I find it really sad that poetry isn’t more widely read. It was never really that popular among the general public, but it’s gotten worse over the years. Now I feel like the only people that read poetry are other poets. There are a number of reasons, but mainly I think it’s because poetry and poets are often is associated with a high level of pretentiousness. However, there are ways that poetry can be written and published in ways that are creative, fun and accessible. The following are a few examples I’ve found that I think might appeal to a wider audience.
Horror Film Poems
Words by Christoph Paul, Art by Joel Amat Güell
I discovered this gem at last years Brooklyn Poetry Festival. The title really just says it all. A book of poems inspired by the horror film genre. It includes a wide variety of films including some of my favorites. As with the movies themselves some are humorous, dark, and thought provoking. It includes along side the poems illustrations. I have to admit I’m not familiar with all of the titles. But that’s a bonus since now I have a bunch of new movies I’ll have to see. I really think this is the perfect book for anybody that’s a fan of both horror movies and poetry, but could be quite a fun read for horror fans.
Poetry Comics From the Book of Hours by Bianca Stone
I’m not even sure where or how I ended up reading about Bianca Stone, the article was about an upcoming book. Always interesting in new poetry I thought it’d be a good idea to check out her previous work before investing in the new one. Curious about the idea of a poetry comic, I figured I’d give it a try. One of the things I love about poetry is the imagery that it creates so why not combine it with actual images.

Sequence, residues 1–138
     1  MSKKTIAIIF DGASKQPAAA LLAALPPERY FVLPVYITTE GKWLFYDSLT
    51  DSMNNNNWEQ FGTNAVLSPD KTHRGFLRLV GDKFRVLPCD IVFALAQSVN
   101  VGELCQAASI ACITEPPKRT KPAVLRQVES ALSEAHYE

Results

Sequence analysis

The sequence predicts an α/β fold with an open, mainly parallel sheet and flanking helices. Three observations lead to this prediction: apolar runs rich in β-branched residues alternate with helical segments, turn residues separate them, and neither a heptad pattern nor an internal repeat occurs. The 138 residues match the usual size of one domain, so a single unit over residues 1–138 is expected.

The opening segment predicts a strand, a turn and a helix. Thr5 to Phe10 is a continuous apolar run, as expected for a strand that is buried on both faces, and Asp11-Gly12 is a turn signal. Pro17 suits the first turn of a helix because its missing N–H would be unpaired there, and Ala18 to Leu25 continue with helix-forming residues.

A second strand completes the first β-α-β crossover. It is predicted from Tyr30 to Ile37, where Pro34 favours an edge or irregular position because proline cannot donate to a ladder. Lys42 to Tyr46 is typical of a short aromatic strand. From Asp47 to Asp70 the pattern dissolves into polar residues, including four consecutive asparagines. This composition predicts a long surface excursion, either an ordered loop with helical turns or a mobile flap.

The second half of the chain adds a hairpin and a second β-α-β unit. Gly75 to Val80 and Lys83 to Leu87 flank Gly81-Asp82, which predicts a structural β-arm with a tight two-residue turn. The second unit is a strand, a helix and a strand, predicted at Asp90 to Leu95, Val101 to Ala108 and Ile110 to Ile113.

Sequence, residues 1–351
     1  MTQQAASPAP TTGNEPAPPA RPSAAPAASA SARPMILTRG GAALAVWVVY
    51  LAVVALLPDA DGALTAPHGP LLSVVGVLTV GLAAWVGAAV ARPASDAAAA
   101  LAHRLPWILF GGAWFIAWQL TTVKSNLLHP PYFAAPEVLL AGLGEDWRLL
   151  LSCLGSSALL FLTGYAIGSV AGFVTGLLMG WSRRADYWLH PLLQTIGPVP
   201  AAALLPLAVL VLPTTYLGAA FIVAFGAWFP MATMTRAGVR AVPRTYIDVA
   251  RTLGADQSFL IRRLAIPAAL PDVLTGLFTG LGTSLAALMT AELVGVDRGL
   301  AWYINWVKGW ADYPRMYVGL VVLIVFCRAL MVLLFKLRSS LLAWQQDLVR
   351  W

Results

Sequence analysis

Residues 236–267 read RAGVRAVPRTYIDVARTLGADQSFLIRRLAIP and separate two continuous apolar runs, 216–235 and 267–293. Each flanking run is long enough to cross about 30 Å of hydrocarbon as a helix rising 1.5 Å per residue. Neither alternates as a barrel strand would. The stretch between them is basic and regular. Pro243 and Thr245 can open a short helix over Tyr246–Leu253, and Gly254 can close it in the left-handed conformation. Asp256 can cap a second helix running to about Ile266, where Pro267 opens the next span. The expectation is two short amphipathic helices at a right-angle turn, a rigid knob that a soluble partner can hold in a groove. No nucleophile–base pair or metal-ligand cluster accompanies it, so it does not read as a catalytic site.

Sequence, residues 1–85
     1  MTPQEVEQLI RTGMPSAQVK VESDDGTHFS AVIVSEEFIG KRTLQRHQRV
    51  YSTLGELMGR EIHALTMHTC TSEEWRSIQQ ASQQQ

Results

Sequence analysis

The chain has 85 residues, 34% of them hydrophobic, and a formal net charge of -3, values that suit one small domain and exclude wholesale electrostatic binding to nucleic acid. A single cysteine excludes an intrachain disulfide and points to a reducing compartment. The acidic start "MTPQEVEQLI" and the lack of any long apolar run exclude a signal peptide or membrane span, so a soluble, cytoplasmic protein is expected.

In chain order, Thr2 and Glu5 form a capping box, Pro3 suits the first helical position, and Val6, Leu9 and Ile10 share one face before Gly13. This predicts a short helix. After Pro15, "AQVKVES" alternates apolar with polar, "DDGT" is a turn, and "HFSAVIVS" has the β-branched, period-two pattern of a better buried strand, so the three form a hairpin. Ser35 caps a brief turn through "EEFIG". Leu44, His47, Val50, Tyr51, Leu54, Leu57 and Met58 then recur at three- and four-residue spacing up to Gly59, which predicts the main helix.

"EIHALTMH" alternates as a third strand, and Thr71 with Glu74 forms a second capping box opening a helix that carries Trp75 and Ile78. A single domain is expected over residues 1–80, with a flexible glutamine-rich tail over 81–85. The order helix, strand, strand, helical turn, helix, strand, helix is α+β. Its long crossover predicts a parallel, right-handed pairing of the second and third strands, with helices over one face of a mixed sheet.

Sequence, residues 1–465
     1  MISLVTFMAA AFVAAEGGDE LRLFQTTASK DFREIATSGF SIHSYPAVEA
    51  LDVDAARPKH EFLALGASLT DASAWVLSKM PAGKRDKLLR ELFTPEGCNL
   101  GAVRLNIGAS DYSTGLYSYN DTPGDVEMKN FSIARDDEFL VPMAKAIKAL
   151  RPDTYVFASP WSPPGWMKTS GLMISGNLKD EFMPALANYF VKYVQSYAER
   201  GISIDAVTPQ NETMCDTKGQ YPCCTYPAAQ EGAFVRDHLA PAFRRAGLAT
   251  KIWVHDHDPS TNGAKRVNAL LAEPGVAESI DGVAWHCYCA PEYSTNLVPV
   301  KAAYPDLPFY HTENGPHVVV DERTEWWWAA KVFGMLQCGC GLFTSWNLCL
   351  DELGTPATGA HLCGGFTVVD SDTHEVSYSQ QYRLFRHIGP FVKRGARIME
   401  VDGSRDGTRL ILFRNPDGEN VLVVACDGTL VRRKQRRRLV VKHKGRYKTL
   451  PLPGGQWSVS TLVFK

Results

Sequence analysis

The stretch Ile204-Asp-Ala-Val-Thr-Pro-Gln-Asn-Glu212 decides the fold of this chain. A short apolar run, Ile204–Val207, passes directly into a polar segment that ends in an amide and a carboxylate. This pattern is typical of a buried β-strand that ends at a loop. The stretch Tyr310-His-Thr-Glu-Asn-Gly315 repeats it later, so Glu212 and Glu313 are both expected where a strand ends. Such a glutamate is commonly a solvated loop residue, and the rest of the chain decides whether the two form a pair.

The artwork is very simple and raw. In fact the whole book has a draft like quality to it. Both the poetry and the comics are strange. The illustrations don’t always seem to be related to the accompanying text. In general the whole process of reading the book is very disorienting. But I guess that’s the beauty of it.
Mary’s Monster: Love, Madness, and How Mary Shelley Created Frankenstein
By Lita Judge
The minute I saw this book I was intrigued. Not only do I think she is well deserving of the recognition and should be more widely celebrated, but also the concept is interesting. It’s an illustrated novel in verse about Mary Shelley’s life. It starts with narration from the monster itself, stating the idea that some people didn’t believe a teenage girl could write the book. (It’s accepted that he edited and assisted in it’s writing but some theorize she was not the actual author at all.) Switching to the voice of Mary Shelley it begins with her father sending her away to live with friends in Scotland. While I knew of her relationship with Percy Shelly and the mythos of the creation of Frankenstein, I learned a lot more specific details. One thing I thought was interesting was the idea that it took as much time to write the book as a woman carries a child, nine months. Though coincidental it related to the central theme of the novel, creating life. Continuing through to the end of her life the book concludes with the monster speaking again, taking us full circle.